Prior to NEHGS, Danielle worked as an Interpretation and Programming Fellow for The Church of the Presidents, where she led guided tours of the historic church and the Adams crypt. Additionally, Danielle has worked as an Historic District Research Aid for the Arlington Historical Commission. She graduated from the University of Massachusetts-Boston with a Master of Arts degree in History in May 2016. Her interests include urban development and history, focusing on Boston and New York.
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I am not sure where my fascination with the personal histories of American presidents began. Maybe it was the long road trip I took with my family in 2003 when we listened to David McCullough’s John Adams on audio book or my earliest visits to Washington, D.C. and Mount Vernon when I was even younger.
I do remember that after that road trip, I demanded a visit to Quincy to visit Adams National Historic Park and Peacefield. This spark of curiosity came full circle in the summer of 2016 when I was a graduate fellow at United First Parish Church in Quincy, aka the Church of the Presidents, the final resting place of Presidents John and John Quincy Adams. Continue reading Presidents’ Day reflections→
The life and legacy of Alexander Hamilton, America’s first Treasury Secretary, has penetrated the wider public consciousness ever since the release of Lin Manuel Miranda’s Hamilton: An American Musical.
The musical touts Hamilton’s connection to his adopted home, New York City, and in truth his name is found on streets and buildings across Manhattan. Meanwhile, though Boston was a stronghold of his fellow Federalists, Hamilton did not spend much time in the city during his lifetime. As such it is peculiar that his statue can be found on the Commonwealth Mall in Boston’s Back Bay. Continue reading ‘The first of their fellow citizens’→
My grandmother, Marvalee, was born and raised on a South Texas dairy farm. Spending my summers with her growing up, she told me family stories of the hardships her family and ancestors endured while farming in the dry and hot Texas hill country.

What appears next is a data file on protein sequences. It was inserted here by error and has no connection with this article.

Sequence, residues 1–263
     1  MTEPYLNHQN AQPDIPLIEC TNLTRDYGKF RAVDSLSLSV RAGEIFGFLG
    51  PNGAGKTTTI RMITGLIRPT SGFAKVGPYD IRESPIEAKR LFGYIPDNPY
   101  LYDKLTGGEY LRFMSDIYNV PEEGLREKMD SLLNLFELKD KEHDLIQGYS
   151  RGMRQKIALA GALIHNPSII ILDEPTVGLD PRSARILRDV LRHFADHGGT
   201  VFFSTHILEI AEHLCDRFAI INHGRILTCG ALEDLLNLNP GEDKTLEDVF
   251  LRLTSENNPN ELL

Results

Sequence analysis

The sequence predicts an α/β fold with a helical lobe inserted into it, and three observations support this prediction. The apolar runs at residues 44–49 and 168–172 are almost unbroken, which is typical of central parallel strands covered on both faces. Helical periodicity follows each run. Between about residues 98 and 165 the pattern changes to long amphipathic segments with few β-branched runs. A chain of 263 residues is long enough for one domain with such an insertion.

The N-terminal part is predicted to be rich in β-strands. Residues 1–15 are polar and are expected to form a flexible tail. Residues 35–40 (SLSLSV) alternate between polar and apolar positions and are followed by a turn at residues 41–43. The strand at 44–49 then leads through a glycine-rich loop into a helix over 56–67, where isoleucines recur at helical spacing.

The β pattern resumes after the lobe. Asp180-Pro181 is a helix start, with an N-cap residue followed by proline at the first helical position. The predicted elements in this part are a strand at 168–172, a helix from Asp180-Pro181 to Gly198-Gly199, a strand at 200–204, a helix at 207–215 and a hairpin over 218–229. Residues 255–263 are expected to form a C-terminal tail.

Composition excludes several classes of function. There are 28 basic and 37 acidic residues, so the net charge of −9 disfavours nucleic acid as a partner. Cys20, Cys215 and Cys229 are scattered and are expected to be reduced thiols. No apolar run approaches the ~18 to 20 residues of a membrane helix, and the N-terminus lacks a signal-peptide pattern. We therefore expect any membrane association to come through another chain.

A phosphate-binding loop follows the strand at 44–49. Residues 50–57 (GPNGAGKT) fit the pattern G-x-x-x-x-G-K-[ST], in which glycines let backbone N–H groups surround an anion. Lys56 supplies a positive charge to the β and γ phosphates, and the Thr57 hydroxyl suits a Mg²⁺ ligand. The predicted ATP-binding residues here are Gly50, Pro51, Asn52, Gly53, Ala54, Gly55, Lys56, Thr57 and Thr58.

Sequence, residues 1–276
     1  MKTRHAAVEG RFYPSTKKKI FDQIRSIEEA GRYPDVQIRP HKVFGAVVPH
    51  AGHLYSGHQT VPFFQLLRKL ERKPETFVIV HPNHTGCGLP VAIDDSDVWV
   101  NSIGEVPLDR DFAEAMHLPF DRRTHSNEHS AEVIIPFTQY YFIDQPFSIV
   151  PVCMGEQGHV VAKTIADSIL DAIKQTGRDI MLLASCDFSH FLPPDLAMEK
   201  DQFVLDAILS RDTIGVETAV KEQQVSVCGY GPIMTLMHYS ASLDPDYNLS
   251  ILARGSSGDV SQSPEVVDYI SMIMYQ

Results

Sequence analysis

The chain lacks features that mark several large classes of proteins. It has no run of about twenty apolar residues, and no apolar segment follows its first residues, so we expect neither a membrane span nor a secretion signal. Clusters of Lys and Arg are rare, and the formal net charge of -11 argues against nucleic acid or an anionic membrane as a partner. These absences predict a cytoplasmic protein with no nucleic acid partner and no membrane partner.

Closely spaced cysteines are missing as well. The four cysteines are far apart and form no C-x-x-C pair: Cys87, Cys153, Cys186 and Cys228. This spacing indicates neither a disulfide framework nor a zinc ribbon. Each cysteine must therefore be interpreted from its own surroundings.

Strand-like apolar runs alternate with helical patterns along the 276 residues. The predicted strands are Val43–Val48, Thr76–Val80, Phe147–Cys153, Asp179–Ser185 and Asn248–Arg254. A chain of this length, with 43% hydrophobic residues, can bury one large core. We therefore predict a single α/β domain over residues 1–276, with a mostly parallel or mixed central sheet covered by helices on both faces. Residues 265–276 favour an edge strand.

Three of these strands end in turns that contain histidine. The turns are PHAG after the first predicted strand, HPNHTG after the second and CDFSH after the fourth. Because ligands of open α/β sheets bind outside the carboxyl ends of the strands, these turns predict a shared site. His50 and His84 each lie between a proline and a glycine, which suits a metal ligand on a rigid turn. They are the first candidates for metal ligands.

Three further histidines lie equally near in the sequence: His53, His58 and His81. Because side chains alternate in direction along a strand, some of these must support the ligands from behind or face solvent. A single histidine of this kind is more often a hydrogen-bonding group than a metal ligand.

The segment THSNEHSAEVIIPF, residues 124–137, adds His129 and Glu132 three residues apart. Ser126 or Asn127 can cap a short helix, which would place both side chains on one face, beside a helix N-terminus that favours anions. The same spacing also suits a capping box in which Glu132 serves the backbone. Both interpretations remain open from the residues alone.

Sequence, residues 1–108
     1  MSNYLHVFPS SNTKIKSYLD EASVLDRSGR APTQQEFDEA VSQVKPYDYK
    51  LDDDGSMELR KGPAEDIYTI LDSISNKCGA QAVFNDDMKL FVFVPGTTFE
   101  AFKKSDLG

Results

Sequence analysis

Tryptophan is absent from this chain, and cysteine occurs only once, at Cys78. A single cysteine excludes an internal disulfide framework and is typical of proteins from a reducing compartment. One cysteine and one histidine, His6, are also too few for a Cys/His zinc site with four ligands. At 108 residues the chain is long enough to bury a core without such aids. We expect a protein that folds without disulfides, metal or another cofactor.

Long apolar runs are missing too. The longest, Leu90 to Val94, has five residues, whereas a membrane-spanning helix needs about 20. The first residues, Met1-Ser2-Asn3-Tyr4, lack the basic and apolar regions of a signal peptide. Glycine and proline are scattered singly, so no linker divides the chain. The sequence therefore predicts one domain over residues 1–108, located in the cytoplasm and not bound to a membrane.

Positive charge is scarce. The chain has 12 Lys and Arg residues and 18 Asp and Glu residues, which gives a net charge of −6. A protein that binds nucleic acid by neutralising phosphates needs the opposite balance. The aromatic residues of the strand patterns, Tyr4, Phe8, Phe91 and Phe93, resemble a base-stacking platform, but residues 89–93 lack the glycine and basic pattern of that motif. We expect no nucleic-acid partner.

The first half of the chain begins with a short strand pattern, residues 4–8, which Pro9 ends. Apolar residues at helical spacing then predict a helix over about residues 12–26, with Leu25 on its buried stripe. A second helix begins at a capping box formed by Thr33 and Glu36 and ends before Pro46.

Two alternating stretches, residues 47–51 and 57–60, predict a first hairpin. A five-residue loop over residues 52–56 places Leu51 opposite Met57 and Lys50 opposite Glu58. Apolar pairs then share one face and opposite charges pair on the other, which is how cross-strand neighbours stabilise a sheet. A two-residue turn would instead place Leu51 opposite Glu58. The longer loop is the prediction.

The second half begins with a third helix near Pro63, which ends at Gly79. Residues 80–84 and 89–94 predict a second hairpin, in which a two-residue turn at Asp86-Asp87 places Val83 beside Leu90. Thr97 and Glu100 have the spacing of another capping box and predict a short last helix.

In one tragic story, my great-great-grandparents, Thomas and Wilhelmina (Sachtleben) Black, faced the loss of two children consecutively. First, they lost 10-year-old Freddie to a rattlesnake bite in 1914 and, then, 14-year-old James to a ruptured appendix the following year. Thomas Black blamed himself for the death of his two sons and carried the guilt with him for the rest of his life. Continue reading Hill country back roads→
The benefits of newspaper databases when conducting family research can be remarkable. One usually hopes to find valuable birth, marriage, and death notices, or, if you’re lucky, an interesting detail you may not be able to glean from the usual genealogical record. It is not so often that you discover your ancestors (and their exploits) were a favorite subject of the local newspaper, or how public family turmoil can sometimes be.
As someone with a close relationship with my maternal grandparents, it was interesting to learn that my grandfather does not know much about his own maternal grandparents – just that his grandfather, William Hatin, was such a small man that he supposedly wore children’s shoes. Continue reading ‘Of police court fame’→
This July marks the 250th birthday of John Quincy Adams, the sixth president of the United States and an original member of the New England Historic Genealogical Society. Born on 11 July 1767 in Braintree, Massachusetts, Adams was a passionate orator and ardent champion of learning, whose lamentable presidency was just a short interlude in his lifelong dedication to public service.
This month also marks the fiftieth annual presidential wreath-laying ceremony for John Quincy Adams at the United First Parish Church in Quincy. The tradition was initiated by Lyndon B. Johnson in 1967, establishing that on the birthday of each deceased president the current sitting president would send a wreath to be laid on his tomb. Continue reading The Church of the Presidents→